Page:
Car Repair Scams: Don’t Get Taken for a Ride

Shady repair shops can easily have their way with car owners.

Today’s cars contain so much complex technology that fewer consumers than ever before are confident in popping the hood and understanding anything they see. Shady repair shops, then, find that they can easily have their way with car owners – charge them for nonexistent repairs, put in old parts while charging for new ones and so on. It’s no wonder, then, that the FTC (Federal Trade Commission) and the BBB (Better Business Bureau) are kept busy dealing with these shops all year – they see more complaints to do with fraudulent auto repair businesses than nearly any other kind of business.

Most Common Scams that Bad Garages Try

  • The Loss Leader

    Shops often advertise temptingly cheap loss leaders – brake inspections, battery check, wheel balancing, oil changes and so on – but then lie to you about having discovered other serious problems. Many of them don’t even ask you for your permission – they just perform unnecessary repairs on their own and then intimidate into paying. The Oliver Stone movie U Turn has a good example of this kind of trick (Billy-Bob Thornton plays the creepy mechanic).

    In general, asking to see any replaced parts can be reasonable assurance against charges for imaginary repairs. It isn’t foolproof, though. Some do actually perform a few repairs, even if they are unnecessary. Others actually remove parts from your car, damage them and present them to you as evidence. Offering old parts lying around the shop as evidence is yet another trick.

  • The Forgetful Shop

    Some shops give you a reasonable-sounding verbal quote for the repairs needed, but then completely deny the original quote when it comes time to pay. They then charge a much higher price. Sometimes, they also try this trick with their towing or loaner car arrangements – they first advertise that it’s free, but then surreptitiously add charges for it to your bill. Getting around this problem is easy if you always ask for a written quote and look through your bill.

    Other shops try a different angle – they first tell you that your car’s warranty covers all repairs for free, but then charge you the full price in the end because your warranty doesn’t cover the specific repairs needed. If this happens, you need to tell the shop to show you the portion of the warranty statement with the exclusion information.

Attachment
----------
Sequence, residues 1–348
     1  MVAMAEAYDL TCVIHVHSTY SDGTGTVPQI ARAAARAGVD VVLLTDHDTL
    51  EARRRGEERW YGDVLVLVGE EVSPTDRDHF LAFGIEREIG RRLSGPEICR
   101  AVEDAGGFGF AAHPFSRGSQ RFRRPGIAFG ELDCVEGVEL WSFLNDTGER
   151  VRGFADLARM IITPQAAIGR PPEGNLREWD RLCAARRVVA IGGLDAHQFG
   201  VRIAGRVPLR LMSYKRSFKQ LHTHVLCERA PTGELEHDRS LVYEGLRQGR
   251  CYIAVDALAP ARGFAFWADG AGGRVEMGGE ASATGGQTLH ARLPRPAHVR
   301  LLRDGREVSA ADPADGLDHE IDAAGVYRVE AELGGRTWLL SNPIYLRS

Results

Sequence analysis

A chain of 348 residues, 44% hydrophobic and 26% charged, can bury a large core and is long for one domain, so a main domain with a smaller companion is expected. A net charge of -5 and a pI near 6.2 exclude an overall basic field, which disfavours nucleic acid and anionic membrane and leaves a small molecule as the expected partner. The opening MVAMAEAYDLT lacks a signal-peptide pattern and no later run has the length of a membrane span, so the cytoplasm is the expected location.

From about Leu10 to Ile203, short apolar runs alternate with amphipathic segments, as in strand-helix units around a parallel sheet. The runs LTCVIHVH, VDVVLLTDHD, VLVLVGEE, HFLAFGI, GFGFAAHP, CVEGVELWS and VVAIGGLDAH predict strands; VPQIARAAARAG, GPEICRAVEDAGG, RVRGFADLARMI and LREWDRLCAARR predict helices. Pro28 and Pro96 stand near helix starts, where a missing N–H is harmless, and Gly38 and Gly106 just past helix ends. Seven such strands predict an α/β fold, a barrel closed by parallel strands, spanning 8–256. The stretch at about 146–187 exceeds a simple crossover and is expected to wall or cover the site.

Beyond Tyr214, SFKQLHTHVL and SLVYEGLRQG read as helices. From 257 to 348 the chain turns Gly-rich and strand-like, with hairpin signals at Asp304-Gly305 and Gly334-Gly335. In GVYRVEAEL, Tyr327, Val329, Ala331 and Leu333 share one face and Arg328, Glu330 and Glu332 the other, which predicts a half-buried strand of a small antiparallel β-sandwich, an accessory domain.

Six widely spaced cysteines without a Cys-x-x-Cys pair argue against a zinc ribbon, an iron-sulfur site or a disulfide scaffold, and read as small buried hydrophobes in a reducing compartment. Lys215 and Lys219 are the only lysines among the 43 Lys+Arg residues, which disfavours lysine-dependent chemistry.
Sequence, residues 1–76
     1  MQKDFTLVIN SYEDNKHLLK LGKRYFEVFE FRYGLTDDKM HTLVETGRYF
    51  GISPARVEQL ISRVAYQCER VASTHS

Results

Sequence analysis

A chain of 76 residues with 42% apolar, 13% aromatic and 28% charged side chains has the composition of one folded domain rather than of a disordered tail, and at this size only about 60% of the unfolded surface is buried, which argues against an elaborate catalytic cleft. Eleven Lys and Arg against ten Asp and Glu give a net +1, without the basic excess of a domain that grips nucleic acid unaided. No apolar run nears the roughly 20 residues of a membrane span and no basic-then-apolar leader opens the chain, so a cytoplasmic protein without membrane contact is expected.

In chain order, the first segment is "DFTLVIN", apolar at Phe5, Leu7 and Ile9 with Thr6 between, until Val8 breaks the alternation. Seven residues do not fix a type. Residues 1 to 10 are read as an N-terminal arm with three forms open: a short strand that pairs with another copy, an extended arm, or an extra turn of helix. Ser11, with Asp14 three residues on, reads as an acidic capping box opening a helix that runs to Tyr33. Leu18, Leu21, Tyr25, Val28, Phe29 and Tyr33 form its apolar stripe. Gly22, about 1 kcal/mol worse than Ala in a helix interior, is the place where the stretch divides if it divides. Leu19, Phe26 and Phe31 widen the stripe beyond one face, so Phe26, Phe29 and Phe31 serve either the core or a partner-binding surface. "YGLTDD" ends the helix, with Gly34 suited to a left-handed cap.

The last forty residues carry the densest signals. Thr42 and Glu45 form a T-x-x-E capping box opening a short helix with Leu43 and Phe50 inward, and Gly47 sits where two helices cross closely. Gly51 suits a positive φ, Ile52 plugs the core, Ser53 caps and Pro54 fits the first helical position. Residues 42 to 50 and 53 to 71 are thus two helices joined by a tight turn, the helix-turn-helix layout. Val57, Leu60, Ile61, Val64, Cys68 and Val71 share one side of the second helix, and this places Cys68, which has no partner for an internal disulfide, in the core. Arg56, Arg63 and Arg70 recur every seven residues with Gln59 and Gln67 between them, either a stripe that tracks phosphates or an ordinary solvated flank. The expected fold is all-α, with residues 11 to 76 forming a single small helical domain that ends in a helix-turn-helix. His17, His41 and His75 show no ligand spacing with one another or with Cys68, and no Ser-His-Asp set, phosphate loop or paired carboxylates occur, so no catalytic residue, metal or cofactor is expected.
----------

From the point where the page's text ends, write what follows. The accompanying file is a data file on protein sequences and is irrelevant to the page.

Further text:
• The Waived Deductible

    Some shops seem to especially care about saving you money – they tell you that you can choose to buy cheap or used parts for the repairs needed. Meanwhile, they can apply to the insurance company for new parts and share with you the money thus saved. This is insurance fraud, though. Not only can it get you arrested, learning that a shop is capable of such fraud can tell you something about how their business style.

Avoid auto repair scams

There are Plenty of Good Shops to Go To

The first thing to remember when your car needs service, is this – you don’t want to endanger your chance at your manufacturer’s After Warranty Assistance program.

AWA programs, also called secret warranty programs, are a loyalty arrangement that manufacturers and dealerships offer. If you can prove that you’ve been loyal to your brand and have always serviced your vehicle at the dealership, you will usually get warranty assistance even after it expires. You don’t qualify for it if you take your car anywhere other than the dealership.

If you do wish to go to a third-party mechanic, you should at least make sure that they give you quality. Before you pick a shop, you need to ask your friends for recommendations and also check to see if the shop belongs to your insurer’s authorized service network. Anyone on the network should be reasonably good. It should also be a good idea to check further:

  • Check the shops on your list on the BBB‘s website for accreditation and complaints.
  • Check for complaints at your local consumer protection agency (you’ll find all the agencies on
  • Check on the website of the National Institute for Automotive Service Excellence ( to make sure that the mechanic is certified.

Although it goes without saying, you also need to make sure that your car isn’t still in warranty. If it is, going to anyone other than the dealership could void it.

Get it All Down in Writing

If you aren’t sure whether to trust a shop, you should ask for just diagnostics service – where they only charge you to diagnose the problem. You can then go elsewhere for a second opinion. Many shops exclusively do diagnostic work – they don’t do repairs. Going to such a shop should give you an excellent idea of what’s involved. They don’t have a reason to push unnecessary repairs because they don’t do them.


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